Cooney and Black

Why Lennon has run out of options

Green Brigade
SO, now the annual skittle competition that’s called the Scottish Premiership is over for another season, the questions will inevitably begin.

In fact, they began in my house this morning when a teaser was thrown at me: did I expect both Neil Lennon and Derek McInnes to be with their respective clubs next season?

A long intake of breath was needed over the cornflakes. I replied that I’d only expect one to be there. My questioner was relentless. Which one? If I were given one of those hard-earned pounds that Aberdonians seem to swear by, well, I’d put it on McInnes being at Pittodrie next season.

But, as for Lennon being at Celtic Park? I think not. I’d imagine he’s looked at the equation and decided: “I’ve got to get out of here – it’s time to move on.”

The noises that he may want to go have been flying about for some time. I suggest they will become more prevalent now that the title race has been copper-bottomed with that runaway victory over Partick Thistle.

So I think it’s just a case of playing the countdown game. Who could blame him for looking down the road? Hey, he’s left a legacy by joining the select managerial band of Willie Maley, Jock Stein and Gordon Strachan, who had won three or more titles in a row.

But trying looking for reasons why he should stay is another thing altogether. Anyone who recognises their onions know that, without Rangers in the mix, everything is a hollow victory. Lennon will recognise that better than anyone.

He’ll also recognise the fact that times have changed and there’s a whole different ball game going on with Celtic these days, And it’s official. It’s gone public. In the old days, it was an accepted fact that the Charlie Nicholas and Kenny Dalglish types of this world would eventually play in England. But it was never mooted in public.

Now it’s been discussed openly that the policy is to bring in good, under-the-radar young players, get them developed before selling them on for as big a profit as possible. You’ve got to look at it and say it’s the state of Scottish football. And it’s also the state of Celtic.

You hear from some quarters claims of an upsurge in the game. Really? Well, up at Aberdeen, for instance, there’s a guy who wasn’t good enough to play in the first team last season and who in fact was loaned out to St Johnstone.

It’s now being stated that Peter Pawlett’s an absolute certainty to be playing in England in six months. Yeah, he couldnae get a game for them a year ago and they were undecided if they wanted to keep him. Now he’s the new Willie Miller, or, to put him more in context, Eoin Jess.

So, I’d imagine for the benefit of Neil Lennon and his career as a manager, it would be beneficial for him to be looking at the bigger picture. And that, I’m afraid, is England. There’s nothing radical about that, though, He’s done four years and they’ve generally been good years.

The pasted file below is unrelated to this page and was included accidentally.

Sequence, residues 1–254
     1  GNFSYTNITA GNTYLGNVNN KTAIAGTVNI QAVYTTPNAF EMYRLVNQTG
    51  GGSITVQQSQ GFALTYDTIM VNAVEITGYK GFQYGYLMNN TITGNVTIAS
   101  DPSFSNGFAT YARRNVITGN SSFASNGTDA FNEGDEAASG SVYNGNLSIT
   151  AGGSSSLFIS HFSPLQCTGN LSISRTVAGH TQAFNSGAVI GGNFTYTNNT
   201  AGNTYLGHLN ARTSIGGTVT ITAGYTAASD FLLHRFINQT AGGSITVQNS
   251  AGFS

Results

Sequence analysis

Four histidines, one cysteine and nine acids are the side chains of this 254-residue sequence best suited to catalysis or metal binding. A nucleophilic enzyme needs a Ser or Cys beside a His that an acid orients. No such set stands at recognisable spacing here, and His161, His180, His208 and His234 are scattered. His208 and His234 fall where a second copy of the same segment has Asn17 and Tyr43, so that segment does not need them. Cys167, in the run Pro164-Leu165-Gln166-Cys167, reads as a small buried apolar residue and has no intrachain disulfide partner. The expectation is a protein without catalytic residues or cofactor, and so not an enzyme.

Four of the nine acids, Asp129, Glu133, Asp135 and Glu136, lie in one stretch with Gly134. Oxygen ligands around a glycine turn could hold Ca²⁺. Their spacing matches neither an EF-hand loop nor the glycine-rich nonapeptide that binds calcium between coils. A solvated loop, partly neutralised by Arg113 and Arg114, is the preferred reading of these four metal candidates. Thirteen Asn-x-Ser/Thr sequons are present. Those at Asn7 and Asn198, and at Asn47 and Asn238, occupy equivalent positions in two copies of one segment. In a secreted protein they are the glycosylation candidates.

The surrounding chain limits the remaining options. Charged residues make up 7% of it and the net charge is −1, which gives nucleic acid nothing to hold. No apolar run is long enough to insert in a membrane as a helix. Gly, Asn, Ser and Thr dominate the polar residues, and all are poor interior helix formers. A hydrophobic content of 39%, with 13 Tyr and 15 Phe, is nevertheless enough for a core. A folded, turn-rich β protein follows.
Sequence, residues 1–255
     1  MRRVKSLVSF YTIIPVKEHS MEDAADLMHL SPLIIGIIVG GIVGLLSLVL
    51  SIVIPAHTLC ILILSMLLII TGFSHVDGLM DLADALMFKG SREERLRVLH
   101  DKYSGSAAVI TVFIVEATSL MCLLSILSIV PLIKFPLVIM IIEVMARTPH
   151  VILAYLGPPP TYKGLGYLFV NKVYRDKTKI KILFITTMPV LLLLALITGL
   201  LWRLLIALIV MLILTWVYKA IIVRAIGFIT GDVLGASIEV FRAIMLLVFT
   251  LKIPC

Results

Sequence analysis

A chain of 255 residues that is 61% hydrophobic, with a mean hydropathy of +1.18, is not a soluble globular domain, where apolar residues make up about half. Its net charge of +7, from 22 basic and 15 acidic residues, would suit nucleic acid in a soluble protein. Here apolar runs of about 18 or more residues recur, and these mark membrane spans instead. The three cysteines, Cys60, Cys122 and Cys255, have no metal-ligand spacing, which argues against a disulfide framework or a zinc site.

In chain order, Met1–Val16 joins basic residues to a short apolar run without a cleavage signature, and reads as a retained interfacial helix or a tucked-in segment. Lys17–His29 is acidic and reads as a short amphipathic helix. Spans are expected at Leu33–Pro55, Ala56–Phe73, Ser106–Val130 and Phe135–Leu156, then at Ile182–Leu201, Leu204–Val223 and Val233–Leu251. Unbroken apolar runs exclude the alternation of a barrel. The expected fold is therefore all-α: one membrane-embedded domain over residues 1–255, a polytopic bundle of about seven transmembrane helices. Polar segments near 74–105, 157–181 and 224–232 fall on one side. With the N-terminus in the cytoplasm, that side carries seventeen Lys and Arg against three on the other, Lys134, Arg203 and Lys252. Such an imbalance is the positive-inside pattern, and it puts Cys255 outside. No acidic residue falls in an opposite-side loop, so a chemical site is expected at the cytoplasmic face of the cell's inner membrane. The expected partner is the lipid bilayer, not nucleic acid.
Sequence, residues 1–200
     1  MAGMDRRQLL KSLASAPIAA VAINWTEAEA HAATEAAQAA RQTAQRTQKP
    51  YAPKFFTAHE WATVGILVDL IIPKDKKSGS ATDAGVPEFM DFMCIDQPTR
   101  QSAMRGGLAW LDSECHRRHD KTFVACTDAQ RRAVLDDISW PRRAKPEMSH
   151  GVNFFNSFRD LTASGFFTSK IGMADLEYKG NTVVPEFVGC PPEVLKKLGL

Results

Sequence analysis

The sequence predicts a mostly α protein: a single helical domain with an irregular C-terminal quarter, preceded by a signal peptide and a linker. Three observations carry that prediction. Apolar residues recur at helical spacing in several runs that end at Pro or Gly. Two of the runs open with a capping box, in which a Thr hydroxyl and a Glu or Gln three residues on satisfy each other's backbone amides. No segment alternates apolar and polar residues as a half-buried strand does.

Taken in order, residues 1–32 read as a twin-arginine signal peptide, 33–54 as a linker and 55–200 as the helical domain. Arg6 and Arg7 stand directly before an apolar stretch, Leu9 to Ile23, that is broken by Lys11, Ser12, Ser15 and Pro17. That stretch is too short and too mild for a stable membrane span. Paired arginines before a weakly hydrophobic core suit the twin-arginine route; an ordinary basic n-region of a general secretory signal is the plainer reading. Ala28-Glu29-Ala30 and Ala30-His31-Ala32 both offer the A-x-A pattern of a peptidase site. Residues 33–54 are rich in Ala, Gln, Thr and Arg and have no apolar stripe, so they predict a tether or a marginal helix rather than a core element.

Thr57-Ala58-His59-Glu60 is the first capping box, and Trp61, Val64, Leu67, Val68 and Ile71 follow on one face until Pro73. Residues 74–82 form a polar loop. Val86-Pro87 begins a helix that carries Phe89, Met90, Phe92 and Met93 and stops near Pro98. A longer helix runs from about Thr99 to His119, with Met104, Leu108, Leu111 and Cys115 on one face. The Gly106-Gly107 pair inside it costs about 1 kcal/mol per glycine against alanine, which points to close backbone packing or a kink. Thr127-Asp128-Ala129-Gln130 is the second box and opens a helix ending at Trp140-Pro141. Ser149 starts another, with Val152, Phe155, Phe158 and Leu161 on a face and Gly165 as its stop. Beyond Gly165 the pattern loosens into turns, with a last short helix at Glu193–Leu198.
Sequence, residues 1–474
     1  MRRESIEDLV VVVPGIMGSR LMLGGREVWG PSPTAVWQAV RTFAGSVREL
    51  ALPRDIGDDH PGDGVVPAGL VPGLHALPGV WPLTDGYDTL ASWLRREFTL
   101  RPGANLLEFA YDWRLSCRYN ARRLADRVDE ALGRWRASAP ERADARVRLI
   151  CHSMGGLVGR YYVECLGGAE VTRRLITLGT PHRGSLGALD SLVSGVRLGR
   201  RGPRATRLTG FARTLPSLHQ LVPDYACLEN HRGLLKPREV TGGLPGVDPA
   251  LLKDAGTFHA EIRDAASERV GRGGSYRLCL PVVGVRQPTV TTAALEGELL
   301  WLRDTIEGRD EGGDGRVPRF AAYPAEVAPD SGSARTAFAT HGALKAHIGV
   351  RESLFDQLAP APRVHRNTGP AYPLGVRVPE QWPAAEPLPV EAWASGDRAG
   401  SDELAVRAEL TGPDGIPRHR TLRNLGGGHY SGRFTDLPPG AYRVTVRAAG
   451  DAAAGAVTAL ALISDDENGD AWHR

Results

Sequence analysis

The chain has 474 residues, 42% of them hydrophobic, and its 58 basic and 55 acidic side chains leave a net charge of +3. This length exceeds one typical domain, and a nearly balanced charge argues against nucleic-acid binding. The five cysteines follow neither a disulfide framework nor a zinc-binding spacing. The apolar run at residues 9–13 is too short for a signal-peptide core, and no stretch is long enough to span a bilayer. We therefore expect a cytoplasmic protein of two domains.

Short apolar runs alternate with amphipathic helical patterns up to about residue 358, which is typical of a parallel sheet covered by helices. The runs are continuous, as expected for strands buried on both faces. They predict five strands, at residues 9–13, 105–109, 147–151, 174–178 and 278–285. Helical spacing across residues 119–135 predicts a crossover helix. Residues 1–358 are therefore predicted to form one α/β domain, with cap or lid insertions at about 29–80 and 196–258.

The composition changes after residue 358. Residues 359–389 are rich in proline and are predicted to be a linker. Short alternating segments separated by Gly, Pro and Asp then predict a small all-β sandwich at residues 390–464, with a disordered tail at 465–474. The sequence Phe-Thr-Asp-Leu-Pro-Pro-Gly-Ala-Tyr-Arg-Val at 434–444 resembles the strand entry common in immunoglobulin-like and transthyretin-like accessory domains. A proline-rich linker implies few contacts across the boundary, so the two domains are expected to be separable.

Things have changed for him. It’s only natural if you’ve been in a job this length of time that the rough edges have been knocked off. In Lennon’s case most of them have gone, even if some took a while to disappear.

I think the change in attitude could be traced back to the time he was attacked at Tyne castle – and also the time they beat Barcelona and had a decent run in Europe. That escalated his worth to the football world.

And I think people were making suggestions to him then that it might take a different type of managerial mindset for him to get a job down in England. That’s when the rough edges began to disappear.

It was like he was saying to himself: “If I do have any aspirations as an individual, these issues need to be addressed.” And I think that’s been his purposeful plan as Celtic manager ever since. And, in fairness to him, he’s done very well.

Perfection is nearly impossible, of course. You hear him being interviewed by local reporters in Scotland and then by those from down South. There’s a marked difference for the better, as far as the latter is concerned. Look, it’s not that he’s so much more refined, it’s just that he’s more acceptable to the masses. I sometimes wish he’d add those little touches up here as well.

I remember at the Aberdeen game at Pittodrie when Celtic’s winning streak ended. If he’d put on the diplomatic hat that he wears for the international media, it would have been better. As it was, he was less than complimentary about Aberdeen. A wee bit more humility was required in that situation.

But, on the whole, I think the changes in his character have been for his well-being. Whatever, if and when the day arrives that he makes a move down South, it might be beneficial to him if he leaves a couple of pieces of luggage behind him.

Would he be successful in a far more competitive division? I see no reason why he shouldn’t be. He probably has a head start on many others who are coming to the Barclays Premier League from abroad. He has a grounding in England, knows the game and also the aspirations of the supporters – unlike some who have gone there recently.

Look, when you went to manage in England years ago, it was a 25-piece jigsaw. Now it’s a thousand piece affair and remember you’ve got to put all those pieces together. I don’t see why Lennon can’t make a fist of it down there. Father Time, of course, is the only man who will tell.

 

 

PICTURE COURTESY OF: Brian Hargadon

            

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